Ultimately, the Bruins did Claude Julien a favor by firing him

Claude Julien didn’t deserve to be fired by the Boston Bruins, but it may well have ultimately been the best thing for him.

The respected coach, who won a Stanley Cup in Boston and exited as the franchise’s all-time leader in wins, was out of work for exactly one week before finding a new job. That new gig comes with Boston’s bitter rival — the Montreal Canadiens, who fired their own coach, Michel Therrien, and jumped at the opportunity to bring Julien aboard on Tuesday.

People around hockey knew that Julien wouldn’t stay unemployed for long, but a mere seven days? And to his former team’s most detested opponent? What a time to be alive.

This will be Julien’s second stint as head coach of the Canadiens — he also led the team from 2003 to 2006. (Ironically, he also replaced Therrien the first time around.)

This time, he walks into a pretty enviable situation in Montreal: Not only is the Habs gig one of the most coveted jobs in all of hockey, but Julien’s new team is better than the one he just left behind. Montreal has lost 10 of their last 13 (thanks in large part to a dip in performance from goaltender Carey Price over that stretch), but they still sit atop the Atlantic division by a six-point margin.

Julien, who runs a defense-first system, takes over a team that has been one of the best in the league defensively for much of the season. Assuming Price’s struggles are just an aberration (a good bet considering he’s arguably the best goalie in the world), the Habs are a playoff team that should only improve under Julien’s guidance.

Oh, and did I mention he’s also getting a lot richer?

That’s a significant increase from the salary that Julien was earning in Boston ($2.5 million), as well as what the Canadiens were paying Therrien ($2 million) to be at the helm.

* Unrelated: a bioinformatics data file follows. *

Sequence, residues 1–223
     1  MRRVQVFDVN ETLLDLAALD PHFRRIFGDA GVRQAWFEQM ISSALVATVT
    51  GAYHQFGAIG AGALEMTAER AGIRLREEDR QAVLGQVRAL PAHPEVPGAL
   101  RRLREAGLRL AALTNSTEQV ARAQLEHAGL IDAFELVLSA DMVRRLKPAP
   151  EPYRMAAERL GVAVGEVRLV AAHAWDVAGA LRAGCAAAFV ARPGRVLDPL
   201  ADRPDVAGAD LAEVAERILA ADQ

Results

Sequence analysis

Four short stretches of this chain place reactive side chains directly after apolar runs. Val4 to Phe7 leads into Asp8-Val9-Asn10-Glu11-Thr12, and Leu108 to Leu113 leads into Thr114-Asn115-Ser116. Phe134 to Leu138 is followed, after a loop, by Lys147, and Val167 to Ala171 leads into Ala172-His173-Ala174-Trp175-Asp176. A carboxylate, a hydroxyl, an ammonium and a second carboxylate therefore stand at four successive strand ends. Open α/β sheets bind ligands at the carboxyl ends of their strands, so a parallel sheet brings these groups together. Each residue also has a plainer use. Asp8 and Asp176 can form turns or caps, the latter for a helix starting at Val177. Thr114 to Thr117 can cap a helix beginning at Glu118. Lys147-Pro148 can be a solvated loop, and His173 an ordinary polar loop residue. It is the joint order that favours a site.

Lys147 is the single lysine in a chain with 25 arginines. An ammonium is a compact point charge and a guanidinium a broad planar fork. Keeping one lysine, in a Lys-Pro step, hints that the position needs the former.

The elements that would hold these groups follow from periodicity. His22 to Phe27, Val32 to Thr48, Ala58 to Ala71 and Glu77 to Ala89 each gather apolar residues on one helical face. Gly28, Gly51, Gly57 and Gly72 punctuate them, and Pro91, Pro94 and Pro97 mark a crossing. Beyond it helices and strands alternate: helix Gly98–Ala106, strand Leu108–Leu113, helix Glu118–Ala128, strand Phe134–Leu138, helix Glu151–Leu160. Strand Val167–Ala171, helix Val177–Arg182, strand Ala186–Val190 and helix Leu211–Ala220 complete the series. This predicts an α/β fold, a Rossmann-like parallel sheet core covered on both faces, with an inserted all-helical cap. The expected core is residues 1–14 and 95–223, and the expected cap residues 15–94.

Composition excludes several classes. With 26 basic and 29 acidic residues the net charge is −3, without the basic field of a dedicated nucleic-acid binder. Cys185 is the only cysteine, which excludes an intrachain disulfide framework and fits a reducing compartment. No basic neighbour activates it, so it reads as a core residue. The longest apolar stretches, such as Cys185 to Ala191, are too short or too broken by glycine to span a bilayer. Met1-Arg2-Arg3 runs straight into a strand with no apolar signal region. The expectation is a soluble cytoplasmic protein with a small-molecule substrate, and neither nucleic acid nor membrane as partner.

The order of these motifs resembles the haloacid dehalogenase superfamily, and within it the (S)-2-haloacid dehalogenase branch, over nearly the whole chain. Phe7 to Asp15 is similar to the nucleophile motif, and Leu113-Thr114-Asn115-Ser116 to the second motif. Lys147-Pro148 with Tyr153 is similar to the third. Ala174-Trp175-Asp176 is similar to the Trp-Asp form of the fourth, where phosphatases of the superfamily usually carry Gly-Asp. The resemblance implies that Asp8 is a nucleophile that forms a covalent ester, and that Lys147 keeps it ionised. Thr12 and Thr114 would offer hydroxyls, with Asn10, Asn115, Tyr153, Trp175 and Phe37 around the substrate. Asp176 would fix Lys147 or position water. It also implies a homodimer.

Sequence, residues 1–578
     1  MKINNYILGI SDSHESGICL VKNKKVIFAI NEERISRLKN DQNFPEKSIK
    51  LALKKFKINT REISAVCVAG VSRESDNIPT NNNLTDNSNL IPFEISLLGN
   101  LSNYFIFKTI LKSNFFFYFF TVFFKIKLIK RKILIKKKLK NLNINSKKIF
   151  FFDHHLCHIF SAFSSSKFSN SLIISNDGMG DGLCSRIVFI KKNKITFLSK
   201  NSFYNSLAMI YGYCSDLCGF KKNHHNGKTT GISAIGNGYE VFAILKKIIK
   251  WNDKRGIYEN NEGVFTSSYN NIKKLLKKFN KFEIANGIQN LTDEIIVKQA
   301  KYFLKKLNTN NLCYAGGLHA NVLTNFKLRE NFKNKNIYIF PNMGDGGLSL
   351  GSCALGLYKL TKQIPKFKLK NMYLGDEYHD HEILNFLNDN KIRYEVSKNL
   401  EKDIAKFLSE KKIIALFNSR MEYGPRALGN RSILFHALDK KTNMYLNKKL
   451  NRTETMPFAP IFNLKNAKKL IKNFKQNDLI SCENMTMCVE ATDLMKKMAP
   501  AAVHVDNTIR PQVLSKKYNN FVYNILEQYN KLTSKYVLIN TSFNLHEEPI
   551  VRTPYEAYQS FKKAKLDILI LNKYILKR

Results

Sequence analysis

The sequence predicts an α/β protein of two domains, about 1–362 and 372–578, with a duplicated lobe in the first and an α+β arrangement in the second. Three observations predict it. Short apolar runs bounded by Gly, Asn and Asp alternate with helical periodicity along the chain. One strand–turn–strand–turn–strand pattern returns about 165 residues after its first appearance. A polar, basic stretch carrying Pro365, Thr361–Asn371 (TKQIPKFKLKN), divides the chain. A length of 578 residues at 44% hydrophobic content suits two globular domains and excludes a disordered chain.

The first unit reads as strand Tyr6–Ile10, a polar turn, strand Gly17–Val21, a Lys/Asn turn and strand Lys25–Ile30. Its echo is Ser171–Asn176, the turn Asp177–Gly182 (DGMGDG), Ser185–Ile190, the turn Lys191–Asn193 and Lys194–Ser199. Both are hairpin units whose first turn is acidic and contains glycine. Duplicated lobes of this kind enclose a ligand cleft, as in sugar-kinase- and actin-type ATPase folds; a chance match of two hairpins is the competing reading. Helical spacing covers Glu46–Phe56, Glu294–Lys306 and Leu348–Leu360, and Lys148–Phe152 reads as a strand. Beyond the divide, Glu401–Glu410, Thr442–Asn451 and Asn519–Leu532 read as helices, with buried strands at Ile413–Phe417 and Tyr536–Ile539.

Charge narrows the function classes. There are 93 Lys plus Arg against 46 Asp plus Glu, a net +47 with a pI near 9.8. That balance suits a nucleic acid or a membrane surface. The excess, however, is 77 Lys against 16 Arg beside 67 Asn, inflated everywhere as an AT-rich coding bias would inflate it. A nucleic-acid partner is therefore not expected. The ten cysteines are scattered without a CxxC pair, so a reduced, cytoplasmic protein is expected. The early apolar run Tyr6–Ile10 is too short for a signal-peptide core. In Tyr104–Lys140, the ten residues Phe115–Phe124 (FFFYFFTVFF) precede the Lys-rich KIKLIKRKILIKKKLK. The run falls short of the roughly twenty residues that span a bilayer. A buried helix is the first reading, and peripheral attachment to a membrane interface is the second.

If that’s not enough of an indication of the organization’s respect and commitment toward Julien, just look at what general manager Marc Bergevin had to say about the coach during a press conference on Wednesday:

That admiration and respect from the front office was likely a huge selling point for Julien. It’s something that seemed to be absent (or at least lacking) in Boston as of late.

Over the past few years, there seemed to be a disconnect over the roster quality in Boston between the coach and management — particularly Bruins general manager Don Sweeney and team president Cam Neely.

The front office in Boston has not particularly excelled at bolstering (or even maintaining) that quality over the last three seasons. They’ve done an admirable job constructing a solid pipeline with promising prospects, but very little has been done to make immediate improvements to the NHL roster.

The Bruins were a bubble team that finished on the wrong side of the bubble the past two years. This season, when another bubble team started to slide due to a horrendous shooting percentage and a dip in goaltending, Julien was forced to fall on the sword for a front office that wasn’t willing to give him the upgrades he needed.

Ultimately, the Bruins pulled the plug as he pressed the emergency call button.

(Eric Bolte-USA TODAY Sports)
Eric Bolte-USA TODAY Sports

There’s reason to believe that the 56-year-old Julien’s opinion will hold more weight in Montreal when it comes to roster construction. He may not be the guy signing off on long-term player personnel decisions, but he’ll have a clearer voice with his new bosses. The organization clearly has a tremendous amount of respect for the coach, as evidenced by the commitment that they’ve made to him. When he speaks or calls for help, he’ll most likely be heard.

And not only does the job in Montreal provide Julien with a fresh start and an excellent opportunity to immediately exonerate himself of a lot of the blame he took for the struggles in Boston, it also gives him a wonderful chance to stick it to the Bruins, both in the short and long term.

Boston’s front office may have thought that letting Julien go would buy them more time to correct their own transgressions, but their pressure may now be higher than ever. Julien seeing resounding success in Montreal would be a very poor reflection on both Sweeney and Neely. If the Bruins trend in the opposite direction, it would be disastrous for Julien’s former bosses.

If nothing else, this whole ordeal has been good theater for hockey fans. It’s just a shame that the Bruins and Canadiens don’t have another regular season meeting on the schedule this year. Though with the way this thing has played out so far, we shouldn’t be all too surprised if the hockey gods gift us a Boston-Montreal matchup in this year’s playoffs.

What a time to be alive.